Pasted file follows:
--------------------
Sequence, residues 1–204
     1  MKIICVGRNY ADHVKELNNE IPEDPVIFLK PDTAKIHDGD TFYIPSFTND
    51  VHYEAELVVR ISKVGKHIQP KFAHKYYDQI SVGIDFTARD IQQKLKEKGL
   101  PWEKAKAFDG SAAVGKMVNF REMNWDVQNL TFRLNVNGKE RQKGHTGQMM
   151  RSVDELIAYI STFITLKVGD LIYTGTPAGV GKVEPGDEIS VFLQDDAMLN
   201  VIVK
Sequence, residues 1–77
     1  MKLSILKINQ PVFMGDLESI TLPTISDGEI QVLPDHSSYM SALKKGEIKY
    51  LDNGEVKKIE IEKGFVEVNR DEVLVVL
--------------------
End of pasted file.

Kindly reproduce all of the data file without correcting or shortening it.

Sequence, residues 1–204
     1  MKIICVGRNY ADHVKELNNE IPEDPVIFLK PDTAKIHDGD TFYIPSFTND
    51  VHYEAELVVR ISKVGKHIQP KFAHKYYDQI SVGIDFTARD IQQKLKEKGL
   101  PWEKAKAFDG SAAVGKMVNF REMNWDVQNL TFRLNVNGKE RQKGHTGQMM
   151  RSVDELIAYI STFITLKVGD LIYTGTPAGV GKVEPGDEIS VFLQDDAMLN
   201  VIVK
Sequence, residues 1–77
     1  MKLSILKINQ PVFMGDLESI TLPTISDGEI QVLPDHSSYM SALKKGEIKY
    51  LDNGEVKKIE IEKGFVEVNR DEVLVVL